Above all else, what “Blipverts” locates is something that’s almost omnipresent in the types of genre shows I grew to love once I realized there were interesting things going on under the hood of the medium I once shared with my family as mindless activity. That something is the fact that corporations are the new nation-states when it comes to creating large antagonistic bodies in serialized narrative. Nationalistic ideology takes a back seat to good old-fashioned capitalism, and what makes that shift so powerful is everyone at home recognizing they are, to one extent or another, part of that ecosystem. It shifts blame to the point where we’re watching these shows from a comfortable distance, because we at home are either actively working to ensure the success of these companies or blind enablers purchasing the goods and services that keep these industries operating. Sure, The X-Files traversed in the world of government conspiracies, but that was more the exception than the rule. Starting with Max Headroom, you can trace a type of modern-day Biblical lineage: Network 23 begat the Widmore Corporation begat the Blue Sun Corporation begat Veridian Dynamics begat dozens of others. We enjoy watching this version of Max speak to the unwashed, unaware masses of this fictional universe because we suspect, on a fundamental level, that he might offer up some form of truth about the world in which we ourselves live. These types of conspiracies make the external internal, and make us question our own roles as conspirators.

Molly Eichel: Erik, you and I are about the same age, so I missed the original version of Max Headroom. But I sought it after reading about its prophetic qualities, which Ryan does an excellent job of getting into. Alas, after seeing the Americanized pilot, I gave up in favor of other television. But you boys’ descriptions and fondness for the show make me think I should keep going at some point. On my first go-round with the pilot, I was distracted by the decidedly low-budget bells and whistles; what fascinated me at first was how 1987 viewed this “20 minutes from now” future. But on the rematch, the show also struck me as this classic adventure yarn, in part because of Carter’s rosy portrayal as a swashbuckling journalist in the Woodward and Bernstein vein. He’s a lover and a fighter, but he also uncovers injustice, even at the expense of his own paycheck. 

With all of the prescient issues in Max Headroom, the idea of media conglomeration, as Ryan discusses, caught my eye. As a print journalist by day (yeah, yeah, yeah…), it’s an issue I face daily. Despite the ratings bump he’s getting, Edison Carter is initially silenced because he’s investigating a major advertiser, the Zik-Zak Corporation. It has to feel the same for any Washington Post journalist who wants to look into issues at Amazon.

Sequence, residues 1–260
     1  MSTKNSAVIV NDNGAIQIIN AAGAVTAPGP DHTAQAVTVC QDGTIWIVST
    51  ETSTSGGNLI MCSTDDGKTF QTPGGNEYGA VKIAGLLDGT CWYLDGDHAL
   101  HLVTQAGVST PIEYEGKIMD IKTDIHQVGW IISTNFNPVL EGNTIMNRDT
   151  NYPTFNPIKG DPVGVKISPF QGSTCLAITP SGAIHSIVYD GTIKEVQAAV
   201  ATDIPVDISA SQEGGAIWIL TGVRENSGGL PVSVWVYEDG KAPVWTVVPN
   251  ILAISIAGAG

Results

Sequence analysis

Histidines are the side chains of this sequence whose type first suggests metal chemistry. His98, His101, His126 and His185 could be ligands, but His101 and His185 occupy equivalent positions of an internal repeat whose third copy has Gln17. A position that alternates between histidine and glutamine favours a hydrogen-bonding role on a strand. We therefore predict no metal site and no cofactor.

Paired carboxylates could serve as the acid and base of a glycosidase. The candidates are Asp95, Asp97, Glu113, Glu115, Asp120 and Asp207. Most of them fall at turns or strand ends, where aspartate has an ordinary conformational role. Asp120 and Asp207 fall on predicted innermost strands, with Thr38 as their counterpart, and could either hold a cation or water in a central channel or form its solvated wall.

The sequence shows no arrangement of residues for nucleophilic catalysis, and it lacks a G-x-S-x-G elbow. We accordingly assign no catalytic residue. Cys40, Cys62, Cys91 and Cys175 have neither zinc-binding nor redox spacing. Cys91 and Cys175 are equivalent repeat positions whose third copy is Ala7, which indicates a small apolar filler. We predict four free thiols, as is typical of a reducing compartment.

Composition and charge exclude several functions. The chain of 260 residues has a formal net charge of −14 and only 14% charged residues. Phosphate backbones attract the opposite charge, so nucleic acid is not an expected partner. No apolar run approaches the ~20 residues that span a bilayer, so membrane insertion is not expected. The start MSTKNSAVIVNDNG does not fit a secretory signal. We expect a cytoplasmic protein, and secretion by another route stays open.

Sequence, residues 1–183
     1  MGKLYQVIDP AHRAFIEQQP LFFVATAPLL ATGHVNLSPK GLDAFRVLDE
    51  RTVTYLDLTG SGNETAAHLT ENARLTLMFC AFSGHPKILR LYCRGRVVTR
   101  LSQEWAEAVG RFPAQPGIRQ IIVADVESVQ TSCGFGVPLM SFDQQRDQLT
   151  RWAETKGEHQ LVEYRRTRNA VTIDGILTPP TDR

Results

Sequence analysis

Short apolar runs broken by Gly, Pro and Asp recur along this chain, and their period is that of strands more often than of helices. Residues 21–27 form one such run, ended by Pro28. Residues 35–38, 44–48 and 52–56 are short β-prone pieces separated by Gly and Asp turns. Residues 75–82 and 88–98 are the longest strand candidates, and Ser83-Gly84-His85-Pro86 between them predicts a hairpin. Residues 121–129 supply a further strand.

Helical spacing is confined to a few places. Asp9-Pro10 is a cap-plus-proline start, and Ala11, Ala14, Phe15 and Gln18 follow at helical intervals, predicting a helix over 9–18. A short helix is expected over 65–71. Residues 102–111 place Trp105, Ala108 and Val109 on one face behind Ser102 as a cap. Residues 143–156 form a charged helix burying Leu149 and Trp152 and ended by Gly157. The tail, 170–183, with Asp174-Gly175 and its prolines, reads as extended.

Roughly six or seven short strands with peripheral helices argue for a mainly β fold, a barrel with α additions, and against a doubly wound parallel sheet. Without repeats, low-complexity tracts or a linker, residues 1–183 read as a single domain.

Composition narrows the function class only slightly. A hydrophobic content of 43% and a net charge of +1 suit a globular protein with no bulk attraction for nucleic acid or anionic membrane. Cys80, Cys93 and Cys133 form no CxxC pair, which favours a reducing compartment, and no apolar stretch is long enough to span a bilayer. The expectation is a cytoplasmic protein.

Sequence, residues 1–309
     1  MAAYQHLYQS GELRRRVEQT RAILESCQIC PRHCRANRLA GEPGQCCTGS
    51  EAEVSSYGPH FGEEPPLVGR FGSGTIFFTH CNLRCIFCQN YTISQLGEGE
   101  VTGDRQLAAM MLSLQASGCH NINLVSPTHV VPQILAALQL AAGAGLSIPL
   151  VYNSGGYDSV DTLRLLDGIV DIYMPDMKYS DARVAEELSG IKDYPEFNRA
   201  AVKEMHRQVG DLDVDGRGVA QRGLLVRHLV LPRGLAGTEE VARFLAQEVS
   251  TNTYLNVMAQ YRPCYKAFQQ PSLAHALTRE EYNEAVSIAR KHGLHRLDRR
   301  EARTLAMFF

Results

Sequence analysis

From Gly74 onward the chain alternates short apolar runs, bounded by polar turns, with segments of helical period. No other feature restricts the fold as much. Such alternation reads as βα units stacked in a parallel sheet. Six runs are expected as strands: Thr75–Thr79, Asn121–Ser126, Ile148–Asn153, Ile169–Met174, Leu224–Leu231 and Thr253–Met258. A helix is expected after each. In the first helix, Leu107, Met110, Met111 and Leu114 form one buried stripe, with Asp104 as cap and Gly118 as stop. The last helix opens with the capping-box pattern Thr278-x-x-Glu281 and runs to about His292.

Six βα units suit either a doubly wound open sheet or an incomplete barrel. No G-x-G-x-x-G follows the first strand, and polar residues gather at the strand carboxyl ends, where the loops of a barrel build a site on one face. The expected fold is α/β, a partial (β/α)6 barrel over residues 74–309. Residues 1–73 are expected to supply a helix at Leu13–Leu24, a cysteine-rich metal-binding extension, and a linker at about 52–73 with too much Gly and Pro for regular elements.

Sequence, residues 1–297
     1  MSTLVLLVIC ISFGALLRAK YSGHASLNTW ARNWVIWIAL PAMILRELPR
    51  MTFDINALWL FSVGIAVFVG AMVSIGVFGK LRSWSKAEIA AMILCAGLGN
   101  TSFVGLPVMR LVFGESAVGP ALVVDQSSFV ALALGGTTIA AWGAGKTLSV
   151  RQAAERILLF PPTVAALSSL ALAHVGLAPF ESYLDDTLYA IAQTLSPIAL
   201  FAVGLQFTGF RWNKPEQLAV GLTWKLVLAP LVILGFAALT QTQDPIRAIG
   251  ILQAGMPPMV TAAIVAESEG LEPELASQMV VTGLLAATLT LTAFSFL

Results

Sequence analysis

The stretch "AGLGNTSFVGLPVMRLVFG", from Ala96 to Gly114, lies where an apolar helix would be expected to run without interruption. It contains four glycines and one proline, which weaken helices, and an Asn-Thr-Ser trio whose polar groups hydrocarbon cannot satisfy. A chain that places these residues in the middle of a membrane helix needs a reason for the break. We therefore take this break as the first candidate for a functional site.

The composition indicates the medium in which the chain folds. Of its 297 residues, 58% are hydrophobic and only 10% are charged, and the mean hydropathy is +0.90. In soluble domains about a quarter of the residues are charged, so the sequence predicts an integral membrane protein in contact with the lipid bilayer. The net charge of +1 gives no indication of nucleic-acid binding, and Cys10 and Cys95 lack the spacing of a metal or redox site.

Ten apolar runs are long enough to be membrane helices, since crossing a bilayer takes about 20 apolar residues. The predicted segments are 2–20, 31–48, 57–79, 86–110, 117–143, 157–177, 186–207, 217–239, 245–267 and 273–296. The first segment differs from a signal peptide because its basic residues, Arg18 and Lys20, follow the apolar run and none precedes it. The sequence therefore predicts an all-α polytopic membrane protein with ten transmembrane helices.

I think it’s interesting we’re looking at Max Headroom around the release of certified Johnny Depp flop Transcendence, a movie I have no plans on seeing but can gather—from the copious advertising materials—that the uploading of Depp’s character’s consciousness is not a good thing for all of humankind. Other entertainment has explored this (hello, 2001: A Space Odyssey), but the character of Max Headroom seems to make up for these evil computers with a witty remark. Max Headroom is a friendlier view of this sort of technology, possibly because Edison Carter is still allowed his corporeal form: Max is a shadow of Carter, not Carter himself. Still, Max is infused with humanity. He may be a shadow, but that shadow is a crusader in the same vein as its source—albeit a slick, smartass one. In my view, the cynical spine of Max Headroom derives not from the technology at work, but from boardroom fat cats, like Rocket’s character, intent on using that technology for greedy purposes. Sure, technology may be making people fat and lazy (like the unfortunate blipvert victim), but that blame is shifted to corporate culture, rather than television itself, a comment on the American Psycho/Wall Street version of the ’80s. Erik, do you view technology’s role in the pilot the same way I do, or do you consider it more sinister?

EA: It’s funny to be conducting this conversation in the wake of Transcendence, which manages to find more alarmism in the path to dystopia than Max Headroom finds by depicting a technocracy in the present tense. To me, Molly, that’s the potency of the world established within “Blipverts”: As you observed, it’s not the technology that’s to be blamed but rather the way it’s being used. There’s a dehumanization at play, and not in the vein of Transcendence’s skeptical view of its own digitized, floating-head demigod. The suits at 23 don’t see their viewers as people—they see them as numbers. Blipverts don’t take lives—they take a chunk out of the Zik-Zak Corporation’s consumer base. (An aside: One of my favorite jokes of the whole pilot is how it’s never stated what the Zik-Zak Corporation manufactures, which only makes its omnipresence more terrifying.)

The idea, then, is to find humanity in this world of boobs and boob-tubes. It’s present in Edison’s sense of justice and Theora’s compassion, but the most human part of the Max Headroom landscape is Max himself. Unlike his coding, he’s imperfect and unpredictable; as Grossberg finds out when he presents Max to the network board, he can’t be controlled, either. Not that I would’ve picked up on that when I was an impressionable youngin’ in front of my own TV set—I just thought Max was funny, which is a human trait in its own way.